# Finite and any two maximal subgroups intersect trivially implies not simple non-abelian

From Groupprops

## Contents

## Statement

Suppose is a finite group with the property that any two distinct maximal subgroups of intersect trivially. Then, is *not* a simple non-abelian group.

## Related facts

### Direct applications

- Finite non-abelian and every proper subgroup is abelian implies not simple
- Finite non-nilpotent and every proper subgroup is nilpotent implies not simple

### Indirect applications

- Classification of cyclicity-forcing numbers
- Classification of abelianness-forcing numbers
- Schmidt-Iwasawa theorem

## Facts used

- The trivial subgroup is maximal if and only if the group is a group of prime order, which is a simple
*abelian*group. - Lagrange's theorem
- Group acts as automorphisms by conjugation: Thus, conjugates of a maximal subgroup are maximal and all have the same order.
- Size of conjugacy class of subgroups equals index of normalizer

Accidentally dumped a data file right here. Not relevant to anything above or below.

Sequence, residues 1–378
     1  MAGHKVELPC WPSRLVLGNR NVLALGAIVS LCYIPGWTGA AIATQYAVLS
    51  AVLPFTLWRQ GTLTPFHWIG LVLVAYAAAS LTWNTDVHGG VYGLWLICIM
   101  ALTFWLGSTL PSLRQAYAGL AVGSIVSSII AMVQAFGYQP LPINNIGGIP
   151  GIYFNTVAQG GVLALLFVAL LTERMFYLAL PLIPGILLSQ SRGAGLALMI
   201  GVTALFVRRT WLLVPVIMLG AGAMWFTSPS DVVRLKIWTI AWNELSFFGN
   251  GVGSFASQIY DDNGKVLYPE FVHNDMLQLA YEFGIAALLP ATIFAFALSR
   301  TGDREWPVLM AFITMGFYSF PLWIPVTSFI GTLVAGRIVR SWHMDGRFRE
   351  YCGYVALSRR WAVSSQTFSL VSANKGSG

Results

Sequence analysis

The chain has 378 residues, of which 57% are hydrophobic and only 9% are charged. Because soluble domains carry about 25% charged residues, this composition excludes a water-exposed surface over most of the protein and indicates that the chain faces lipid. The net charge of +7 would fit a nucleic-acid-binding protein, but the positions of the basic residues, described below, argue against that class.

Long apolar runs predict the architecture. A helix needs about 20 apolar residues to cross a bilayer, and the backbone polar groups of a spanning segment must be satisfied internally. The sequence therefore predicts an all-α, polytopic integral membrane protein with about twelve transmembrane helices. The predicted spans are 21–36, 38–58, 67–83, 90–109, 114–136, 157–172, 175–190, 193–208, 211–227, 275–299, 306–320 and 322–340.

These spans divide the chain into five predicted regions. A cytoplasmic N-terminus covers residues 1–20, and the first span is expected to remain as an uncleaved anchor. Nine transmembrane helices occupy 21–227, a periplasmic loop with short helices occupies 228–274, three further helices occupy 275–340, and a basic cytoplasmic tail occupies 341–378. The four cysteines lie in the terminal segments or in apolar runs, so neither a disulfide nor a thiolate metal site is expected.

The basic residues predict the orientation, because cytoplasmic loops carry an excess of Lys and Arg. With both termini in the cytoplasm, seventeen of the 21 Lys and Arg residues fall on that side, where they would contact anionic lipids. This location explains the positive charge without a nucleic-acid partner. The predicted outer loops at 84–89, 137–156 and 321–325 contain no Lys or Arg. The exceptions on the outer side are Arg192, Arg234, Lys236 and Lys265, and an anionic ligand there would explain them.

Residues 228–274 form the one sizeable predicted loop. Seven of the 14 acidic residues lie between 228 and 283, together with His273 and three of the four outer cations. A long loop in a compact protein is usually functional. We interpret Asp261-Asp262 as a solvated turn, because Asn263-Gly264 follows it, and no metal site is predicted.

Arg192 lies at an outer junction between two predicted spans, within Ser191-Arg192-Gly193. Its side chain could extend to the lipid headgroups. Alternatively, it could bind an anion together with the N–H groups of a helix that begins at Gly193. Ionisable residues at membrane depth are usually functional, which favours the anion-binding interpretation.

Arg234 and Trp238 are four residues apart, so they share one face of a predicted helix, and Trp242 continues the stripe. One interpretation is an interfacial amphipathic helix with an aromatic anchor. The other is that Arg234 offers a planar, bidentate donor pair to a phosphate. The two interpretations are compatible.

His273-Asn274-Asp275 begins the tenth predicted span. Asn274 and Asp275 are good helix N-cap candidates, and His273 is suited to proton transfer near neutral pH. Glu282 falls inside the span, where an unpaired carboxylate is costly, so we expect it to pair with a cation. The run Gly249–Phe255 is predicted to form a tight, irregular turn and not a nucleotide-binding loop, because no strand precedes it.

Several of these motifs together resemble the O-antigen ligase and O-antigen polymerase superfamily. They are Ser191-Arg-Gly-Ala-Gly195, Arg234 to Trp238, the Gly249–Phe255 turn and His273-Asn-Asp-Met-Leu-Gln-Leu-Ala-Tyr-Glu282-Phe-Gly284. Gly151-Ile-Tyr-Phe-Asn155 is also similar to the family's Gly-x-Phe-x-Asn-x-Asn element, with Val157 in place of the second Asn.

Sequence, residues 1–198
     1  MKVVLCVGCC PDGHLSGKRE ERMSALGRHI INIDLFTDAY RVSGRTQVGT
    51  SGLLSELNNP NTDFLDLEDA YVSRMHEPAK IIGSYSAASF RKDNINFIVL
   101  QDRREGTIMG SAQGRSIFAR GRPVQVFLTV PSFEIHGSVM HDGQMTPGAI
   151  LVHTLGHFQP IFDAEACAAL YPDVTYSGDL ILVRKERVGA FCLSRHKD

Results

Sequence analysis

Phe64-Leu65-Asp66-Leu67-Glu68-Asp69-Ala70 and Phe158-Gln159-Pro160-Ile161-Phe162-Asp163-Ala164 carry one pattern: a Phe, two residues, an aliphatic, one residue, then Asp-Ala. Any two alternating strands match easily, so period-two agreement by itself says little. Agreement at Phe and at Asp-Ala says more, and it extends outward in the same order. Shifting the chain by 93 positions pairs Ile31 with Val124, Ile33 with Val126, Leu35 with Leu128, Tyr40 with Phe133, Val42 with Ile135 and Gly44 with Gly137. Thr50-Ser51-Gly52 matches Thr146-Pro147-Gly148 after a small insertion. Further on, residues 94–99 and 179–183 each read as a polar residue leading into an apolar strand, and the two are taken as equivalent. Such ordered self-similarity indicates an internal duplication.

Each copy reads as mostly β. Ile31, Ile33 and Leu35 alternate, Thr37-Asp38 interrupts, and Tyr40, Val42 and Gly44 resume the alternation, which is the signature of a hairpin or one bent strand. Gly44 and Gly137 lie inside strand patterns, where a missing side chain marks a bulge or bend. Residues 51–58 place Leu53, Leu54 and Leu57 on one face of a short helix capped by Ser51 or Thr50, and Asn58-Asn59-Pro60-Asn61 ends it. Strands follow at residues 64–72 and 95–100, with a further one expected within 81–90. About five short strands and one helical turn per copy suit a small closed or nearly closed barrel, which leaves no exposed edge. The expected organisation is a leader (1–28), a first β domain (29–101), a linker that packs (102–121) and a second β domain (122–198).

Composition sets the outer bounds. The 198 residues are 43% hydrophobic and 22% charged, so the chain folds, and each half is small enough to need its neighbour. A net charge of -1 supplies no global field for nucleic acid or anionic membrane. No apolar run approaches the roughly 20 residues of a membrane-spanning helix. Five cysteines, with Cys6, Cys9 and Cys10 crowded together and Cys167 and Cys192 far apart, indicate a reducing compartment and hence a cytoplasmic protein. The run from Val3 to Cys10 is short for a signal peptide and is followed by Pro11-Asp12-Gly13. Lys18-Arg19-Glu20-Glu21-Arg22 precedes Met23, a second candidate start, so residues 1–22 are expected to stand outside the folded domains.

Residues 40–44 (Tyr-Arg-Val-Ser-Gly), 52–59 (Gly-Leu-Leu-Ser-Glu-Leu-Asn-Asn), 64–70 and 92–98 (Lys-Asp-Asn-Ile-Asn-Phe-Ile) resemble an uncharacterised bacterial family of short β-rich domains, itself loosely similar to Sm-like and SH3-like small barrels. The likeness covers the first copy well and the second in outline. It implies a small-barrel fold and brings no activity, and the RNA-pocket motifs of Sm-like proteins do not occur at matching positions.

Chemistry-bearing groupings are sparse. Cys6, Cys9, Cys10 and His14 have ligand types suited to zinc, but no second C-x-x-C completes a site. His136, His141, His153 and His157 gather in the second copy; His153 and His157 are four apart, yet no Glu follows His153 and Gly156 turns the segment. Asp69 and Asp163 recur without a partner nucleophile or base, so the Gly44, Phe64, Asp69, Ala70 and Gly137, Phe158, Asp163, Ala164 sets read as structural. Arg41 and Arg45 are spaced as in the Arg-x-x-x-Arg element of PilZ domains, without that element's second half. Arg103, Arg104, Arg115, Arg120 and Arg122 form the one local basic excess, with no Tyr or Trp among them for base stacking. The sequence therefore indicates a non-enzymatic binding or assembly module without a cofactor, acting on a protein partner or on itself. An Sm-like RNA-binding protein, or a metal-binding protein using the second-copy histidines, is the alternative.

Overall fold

- In a finite non-cyclic group, every element is contained in a maximal subgroup. This basically follows from the fact that cyclic iff not a union of proper subgroups.

## Proof

This proof uses a tabular format for presentation. Provide feedback on tabular proof formats in a survey (opens in new window/tab) | Learn more about tabular proof formats|View all pages on facts with proofs in tabular format

We prove the statement by contradiction.

**Given**: A finite simple non-abelian group of order such that any two distinct maximal subgroups of intersect trivially.

**To prove**: A contradiction.

**Proof**:

Step no. | Assertion/construction | Facts used | Given data used | Previous steps used | Explanation |
---|---|---|---|---|---|

1 | Every maximal subgroup of is self-normalizing | Fact (1) | is simple non-abelian | [SHOW MORE] | |

2 | If is a maximal subgroup of with elements, and has elements, the union of all conjugates of in has elements | Facts (2), (3), (4) | is finite, has order Any two maximal subgroups of intersect trivially |
Step (1) | [SHOW MORE] |

3 | The union of conjugates of any one maximal subgroup has at least of the elements, but does not have all the elements |
Step (2) | [SHOW MORE] | ||

4 | We have the desired contradiction, because cardinality considerations force to have more than one conjugacy class of maximal subgroups, but there is not enough room for two conjugacy classes of subgroups. | Fact (5) | Any two maximal subgroups of intersect trivially. | Step (3) | [SHOW MORE] |